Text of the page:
Last Chance Deliveries Boost U.S. Imports in June Ahead of Trump's July Duties | — Panjiva
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Last Chance Deliveries Boost U.S. Imports in June Ahead of Trump’s July Duties

  • By Christopher Rogers
  • · July 12, 2018
  • ·

U.S. maritime imports showed little sign of slowing in June with a rise of at least 7% vs. a year earlier. That’s likely been driven by a rush to beat duties that were implemented against Chinese exports on July 6, with imports from China up 13% vs. 3% in May and a decline in April. All the major industries tracked by Panjiva saw rising imports for the first time since February (lunar new year).

The auto industry’s shipments rose 7% vs. a 2% decline a month earlier, likely due to concerns about an early completion to the section 232 “national security review”. Imports of steel and aluminum increased 6% indicating duties applied in the past two months trimmed rather than transformed supply chains so far.

The underlying demand for imports (based on consumer and business confidence measures) remains positive and the year-to-date performance suggests imports could rise 5% for the full year. Yet, with China accounting for 42% of imports the newly implemented tariffs will likely cut that growth rate in the coming months.

U.S. maritime imports climbed for a 16th straight month in June on a preliminary basis, Panjiva data shows, after a 6.5% increase vs. a year earlier. That left the second quarter as a whole 4.8% higher and would suggest the early stages of the wide-ranging duties applied by the administration of President Donald Trump haven’t cut imports significantly. Indeed, the threat of duties against Chinese imports from July 6, as outlined in Panjiva research of July 2, may have accelerated the rate of import growth.

INCESSANT GROWTH

Chart shows U.S. seaborne imports from all origins on a preliminary basis. Lower panel indicates change vs. a year earlier. Final figure for most recent month may rise due to late-reported shipments. Source: Panjiva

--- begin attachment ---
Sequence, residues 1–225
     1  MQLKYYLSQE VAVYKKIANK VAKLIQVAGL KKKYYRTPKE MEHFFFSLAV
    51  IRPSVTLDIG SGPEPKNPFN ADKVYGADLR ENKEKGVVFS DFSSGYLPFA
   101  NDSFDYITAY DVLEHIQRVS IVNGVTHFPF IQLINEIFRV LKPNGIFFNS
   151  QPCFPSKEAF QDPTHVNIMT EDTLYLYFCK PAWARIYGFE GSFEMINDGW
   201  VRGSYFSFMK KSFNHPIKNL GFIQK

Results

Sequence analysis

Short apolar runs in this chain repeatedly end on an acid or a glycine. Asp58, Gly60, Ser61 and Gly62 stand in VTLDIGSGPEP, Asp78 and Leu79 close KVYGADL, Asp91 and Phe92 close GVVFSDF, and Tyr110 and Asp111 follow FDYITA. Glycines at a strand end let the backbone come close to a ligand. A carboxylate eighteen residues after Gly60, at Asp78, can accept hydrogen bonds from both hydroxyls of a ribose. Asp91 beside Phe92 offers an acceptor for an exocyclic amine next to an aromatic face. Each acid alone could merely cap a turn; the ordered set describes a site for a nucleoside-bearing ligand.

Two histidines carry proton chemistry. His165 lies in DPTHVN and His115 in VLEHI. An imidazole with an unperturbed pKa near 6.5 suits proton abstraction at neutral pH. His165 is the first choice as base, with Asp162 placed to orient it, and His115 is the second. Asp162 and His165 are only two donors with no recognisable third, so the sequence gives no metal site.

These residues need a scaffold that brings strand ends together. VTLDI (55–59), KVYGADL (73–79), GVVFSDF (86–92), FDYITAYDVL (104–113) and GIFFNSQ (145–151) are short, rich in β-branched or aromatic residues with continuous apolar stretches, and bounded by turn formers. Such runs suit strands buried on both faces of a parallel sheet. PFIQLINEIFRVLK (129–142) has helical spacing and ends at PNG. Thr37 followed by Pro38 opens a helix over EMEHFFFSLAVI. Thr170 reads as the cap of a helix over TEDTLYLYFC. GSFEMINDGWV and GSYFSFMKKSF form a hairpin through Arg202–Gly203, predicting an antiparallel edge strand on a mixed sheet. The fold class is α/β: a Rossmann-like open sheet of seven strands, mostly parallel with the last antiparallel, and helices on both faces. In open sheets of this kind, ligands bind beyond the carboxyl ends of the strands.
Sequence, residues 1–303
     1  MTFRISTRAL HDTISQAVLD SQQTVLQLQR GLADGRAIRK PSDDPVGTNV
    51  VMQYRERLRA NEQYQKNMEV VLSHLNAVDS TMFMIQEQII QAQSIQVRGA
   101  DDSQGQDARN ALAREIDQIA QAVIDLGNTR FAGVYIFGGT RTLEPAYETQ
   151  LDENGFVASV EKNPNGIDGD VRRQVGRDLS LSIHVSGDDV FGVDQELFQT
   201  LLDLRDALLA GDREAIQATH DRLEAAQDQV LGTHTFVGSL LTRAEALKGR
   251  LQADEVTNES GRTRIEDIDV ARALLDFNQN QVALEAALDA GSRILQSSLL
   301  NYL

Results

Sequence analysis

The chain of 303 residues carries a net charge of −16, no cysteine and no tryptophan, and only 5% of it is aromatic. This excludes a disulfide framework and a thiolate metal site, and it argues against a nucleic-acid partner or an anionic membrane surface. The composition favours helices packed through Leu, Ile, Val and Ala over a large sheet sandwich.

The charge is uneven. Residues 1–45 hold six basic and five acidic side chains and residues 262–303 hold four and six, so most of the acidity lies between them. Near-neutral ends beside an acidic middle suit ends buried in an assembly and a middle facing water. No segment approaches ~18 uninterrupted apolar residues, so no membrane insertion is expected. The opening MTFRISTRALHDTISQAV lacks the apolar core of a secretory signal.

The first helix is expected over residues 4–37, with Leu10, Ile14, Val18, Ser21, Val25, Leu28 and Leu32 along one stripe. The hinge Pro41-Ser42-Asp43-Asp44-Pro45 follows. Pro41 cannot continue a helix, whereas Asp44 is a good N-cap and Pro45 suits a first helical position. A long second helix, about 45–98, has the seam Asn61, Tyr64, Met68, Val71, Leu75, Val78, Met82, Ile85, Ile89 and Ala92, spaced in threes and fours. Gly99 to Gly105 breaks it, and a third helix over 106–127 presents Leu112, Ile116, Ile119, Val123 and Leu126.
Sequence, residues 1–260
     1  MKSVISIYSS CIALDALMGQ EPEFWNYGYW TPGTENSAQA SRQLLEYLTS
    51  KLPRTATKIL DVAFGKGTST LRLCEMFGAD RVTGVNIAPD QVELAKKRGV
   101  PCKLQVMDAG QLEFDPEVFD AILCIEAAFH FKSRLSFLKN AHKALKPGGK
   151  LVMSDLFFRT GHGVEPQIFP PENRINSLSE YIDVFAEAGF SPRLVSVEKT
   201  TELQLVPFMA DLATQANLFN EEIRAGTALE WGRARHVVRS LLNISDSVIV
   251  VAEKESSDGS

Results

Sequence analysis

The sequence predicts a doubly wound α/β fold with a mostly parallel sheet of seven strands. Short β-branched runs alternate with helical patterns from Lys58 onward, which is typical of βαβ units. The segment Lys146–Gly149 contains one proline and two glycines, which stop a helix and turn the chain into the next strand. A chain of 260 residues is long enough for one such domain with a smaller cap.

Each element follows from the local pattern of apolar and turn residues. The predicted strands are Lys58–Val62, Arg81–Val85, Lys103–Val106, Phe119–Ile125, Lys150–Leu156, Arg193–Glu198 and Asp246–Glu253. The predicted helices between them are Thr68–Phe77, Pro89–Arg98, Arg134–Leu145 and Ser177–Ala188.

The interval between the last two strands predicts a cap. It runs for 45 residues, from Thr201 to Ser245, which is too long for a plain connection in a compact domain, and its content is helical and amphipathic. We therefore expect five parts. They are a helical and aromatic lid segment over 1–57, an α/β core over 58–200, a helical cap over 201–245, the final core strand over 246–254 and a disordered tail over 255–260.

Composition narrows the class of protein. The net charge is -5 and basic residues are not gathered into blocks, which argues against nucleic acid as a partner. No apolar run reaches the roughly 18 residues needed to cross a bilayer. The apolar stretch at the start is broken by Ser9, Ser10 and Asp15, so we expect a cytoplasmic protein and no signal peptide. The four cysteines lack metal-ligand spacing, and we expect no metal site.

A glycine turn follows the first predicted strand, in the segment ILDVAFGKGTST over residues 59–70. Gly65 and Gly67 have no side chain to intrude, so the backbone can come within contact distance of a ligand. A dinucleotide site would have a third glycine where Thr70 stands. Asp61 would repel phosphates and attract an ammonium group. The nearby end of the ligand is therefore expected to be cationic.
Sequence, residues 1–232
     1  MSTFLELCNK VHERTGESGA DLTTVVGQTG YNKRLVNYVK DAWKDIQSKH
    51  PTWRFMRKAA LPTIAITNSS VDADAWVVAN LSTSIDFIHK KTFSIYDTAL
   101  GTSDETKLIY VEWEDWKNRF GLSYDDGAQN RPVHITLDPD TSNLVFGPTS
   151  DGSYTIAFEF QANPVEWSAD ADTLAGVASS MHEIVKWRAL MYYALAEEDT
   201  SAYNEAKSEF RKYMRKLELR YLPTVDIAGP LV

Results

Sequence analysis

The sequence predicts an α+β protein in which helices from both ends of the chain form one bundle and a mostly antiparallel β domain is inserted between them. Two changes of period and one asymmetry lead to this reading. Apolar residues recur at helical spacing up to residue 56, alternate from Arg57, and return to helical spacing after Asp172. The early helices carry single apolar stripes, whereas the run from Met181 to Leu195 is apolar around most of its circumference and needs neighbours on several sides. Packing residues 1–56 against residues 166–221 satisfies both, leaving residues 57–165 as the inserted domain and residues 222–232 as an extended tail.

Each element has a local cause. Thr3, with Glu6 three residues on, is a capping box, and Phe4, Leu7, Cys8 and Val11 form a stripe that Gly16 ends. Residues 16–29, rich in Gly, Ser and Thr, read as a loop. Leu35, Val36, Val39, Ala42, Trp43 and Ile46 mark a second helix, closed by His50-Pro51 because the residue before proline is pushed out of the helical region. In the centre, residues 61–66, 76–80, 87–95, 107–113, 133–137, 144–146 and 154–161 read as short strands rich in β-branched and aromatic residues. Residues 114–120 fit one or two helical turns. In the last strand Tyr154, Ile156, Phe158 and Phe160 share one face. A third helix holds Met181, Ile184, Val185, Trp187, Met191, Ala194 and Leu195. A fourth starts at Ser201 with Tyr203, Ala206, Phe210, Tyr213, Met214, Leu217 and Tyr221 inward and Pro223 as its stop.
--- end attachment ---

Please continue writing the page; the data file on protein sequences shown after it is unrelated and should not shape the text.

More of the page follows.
That can be seen in shipments from China that climbed 13.2% (from 3.4% in May and a decline in April) to a level normally associated with peak season deliveries. By contrast imports from the European Union, where there is a war of words rather than tariffs currently, only increased by 2.2% after a 15.6% rise in May.

EARLY PEAK SEASON FOR CHINA AS TARIFFS LOOM

Chart segments U.S. seaborne imports on a preliminary basis by origin on a monthly (dotted) and quarterly average (solid) basis. Final figure for most recent month may rise due to late-reported shipments. Source: Panjiva

The increase in imports was broad-based with all the major industries tracked by Panjiva increasing vs. a year earlier for the first time since February (which was the result of the timing of the lunar new year).

The automotive sector saw a bounce with a 6.8% increase vs. a 1.5% decline the month earlier. That may reflect concerns that the section 232 review of the industry may be delivered before the midterm elections. The steel and aluminum sectors saw a 6.2% rise in shipments, confirming our earlier view that the section 232 duties applied over the past two months have trimmed rather than transformed supply chains.

Other major sectors increased by 6% to 7% (including machinery as well as consumer goods such as toys and apparel) while energy jumped 9.6%.

ALTOGETHER NOW – PANIC!

Chart segments U.S. seaborne imports by industry (HS-4 classification). Final figure for most recent month may rise due to late-reported shipments. Source: Panjiva

While there was a slowdown in growth in the second quarter to 4.8% from 7.1% in the first quarter, total shipments for the year are nonetheless on track for a 5.0% increase before the impact of tariffs. For context China represented 42.1% of shipments by count in the past 12 months. The fundamentals for underlying demand for imports are still strong though with business sentiment towards imports having improved in June. Consumer confidence took a small step back according to S&P Global Market Intelligence but still remains firmly positive.

SHAPING UP FOR A BETTER YEAR, UNTIL TARIFFS BITE

Chart segments U.S. seaborne imports by month. Final figure for most recent month may rise due to late-reported shipments. Source: Panjiva

 

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